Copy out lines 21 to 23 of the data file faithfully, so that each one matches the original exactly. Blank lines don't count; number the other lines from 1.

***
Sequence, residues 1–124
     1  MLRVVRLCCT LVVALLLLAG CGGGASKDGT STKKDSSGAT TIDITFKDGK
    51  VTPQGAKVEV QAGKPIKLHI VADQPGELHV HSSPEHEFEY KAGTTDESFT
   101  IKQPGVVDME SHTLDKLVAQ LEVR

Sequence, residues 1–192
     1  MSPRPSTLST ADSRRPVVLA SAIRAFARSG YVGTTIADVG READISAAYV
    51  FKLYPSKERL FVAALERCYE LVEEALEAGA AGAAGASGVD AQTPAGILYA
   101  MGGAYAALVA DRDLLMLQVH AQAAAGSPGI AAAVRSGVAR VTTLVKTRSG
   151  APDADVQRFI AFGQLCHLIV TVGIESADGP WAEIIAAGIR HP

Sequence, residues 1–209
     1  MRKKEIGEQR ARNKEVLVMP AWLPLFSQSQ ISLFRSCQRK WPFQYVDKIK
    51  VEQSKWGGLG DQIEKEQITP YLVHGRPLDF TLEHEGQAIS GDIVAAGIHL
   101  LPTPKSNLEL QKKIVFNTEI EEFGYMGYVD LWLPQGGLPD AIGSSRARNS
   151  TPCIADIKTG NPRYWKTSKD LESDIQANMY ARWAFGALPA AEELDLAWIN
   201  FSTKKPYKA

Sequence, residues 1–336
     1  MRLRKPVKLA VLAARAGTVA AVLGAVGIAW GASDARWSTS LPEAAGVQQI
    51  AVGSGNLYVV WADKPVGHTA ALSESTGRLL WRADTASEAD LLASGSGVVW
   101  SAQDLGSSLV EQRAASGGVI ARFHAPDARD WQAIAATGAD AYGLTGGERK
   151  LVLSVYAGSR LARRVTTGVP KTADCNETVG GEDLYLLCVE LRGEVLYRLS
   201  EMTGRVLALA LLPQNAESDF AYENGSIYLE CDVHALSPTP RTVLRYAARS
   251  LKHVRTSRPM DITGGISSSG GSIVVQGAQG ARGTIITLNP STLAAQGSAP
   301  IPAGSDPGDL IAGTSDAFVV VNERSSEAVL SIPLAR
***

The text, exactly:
   201  EMTGRVLALA LLPQNAESDF AYENGSIYLE CDVHALSPTP RTVLRYAARS
   251  LKHVRTSRPM DITGGISSSG GSIVVQGAQG ARGTIITLNP STLAAQGSAP
   301  IPAGSDPGDL IAGTSDAFVV VNERSSEAVL SIPLAR